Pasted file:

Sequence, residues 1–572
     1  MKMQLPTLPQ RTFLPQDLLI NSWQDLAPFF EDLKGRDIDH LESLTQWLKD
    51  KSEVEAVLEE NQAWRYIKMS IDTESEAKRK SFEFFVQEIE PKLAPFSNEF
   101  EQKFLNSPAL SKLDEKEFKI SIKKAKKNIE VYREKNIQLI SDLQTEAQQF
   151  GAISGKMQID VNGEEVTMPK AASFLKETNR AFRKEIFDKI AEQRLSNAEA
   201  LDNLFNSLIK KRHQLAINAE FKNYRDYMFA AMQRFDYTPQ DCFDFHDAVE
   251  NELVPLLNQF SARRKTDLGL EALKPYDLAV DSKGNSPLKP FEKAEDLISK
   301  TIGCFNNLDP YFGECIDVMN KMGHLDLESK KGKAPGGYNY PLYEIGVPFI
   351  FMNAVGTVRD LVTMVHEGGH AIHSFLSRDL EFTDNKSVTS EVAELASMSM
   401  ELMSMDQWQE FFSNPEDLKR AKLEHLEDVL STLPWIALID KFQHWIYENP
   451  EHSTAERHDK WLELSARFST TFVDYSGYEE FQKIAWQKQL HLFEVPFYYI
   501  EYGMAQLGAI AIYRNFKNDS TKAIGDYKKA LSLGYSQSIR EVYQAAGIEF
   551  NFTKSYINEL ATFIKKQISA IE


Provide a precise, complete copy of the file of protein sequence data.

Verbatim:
Sequence, residues 1–572
     1  MKMQLPTLPQ RTFLPQDLLI NSWQDLAPFF EDLKGRDIDH LESLTQWLKD
    51  KSEVEAVLEE NQAWRYIKMS IDTESEAKRK SFEFFVQEIE PKLAPFSNEF
   101  EQKFLNSPAL SKLDEKEFKI SIKKAKKNIE VYREKNIQLI SDLQTEAQQF
   151  GAISGKMQID VNGEEVTMPK AASFLKETNR AFRKEIFDKI AEQRLSNAEA
   201  LDNLFNSLIK KRHQLAINAE FKNYRDYMFA AMQRFDYTPQ DCFDFHDAVE
   251  NELVPLLNQF SARRKTDLGL EALKPYDLAV DSKGNSPLKP FEKAEDLISK
   301  TIGCFNNLDP YFGECIDVMN KMGHLDLESK KGKAPGGYNY PLYEIGVPFI
   351  FMNAVGTVRD LVTMVHEGGH AIHSFLSRDL EFTDNKSVTS EVAELASMSM
   401  ELMSMDQWQE FFSNPEDLKR AKLEHLEDVL STLPWIALID KFQHWIYENP
   451  EHSTAERHDK WLELSARFST TFVDYSGYEE FQKIAWQKQL HLFEVPFYYI
   501  EYGMAQLGAI AIYRNFKNDS TKAIGDYKKA LSLGYSQSIR EVYQAAGIEF
   551  NFTKSYINEL ATFIKKQISA IE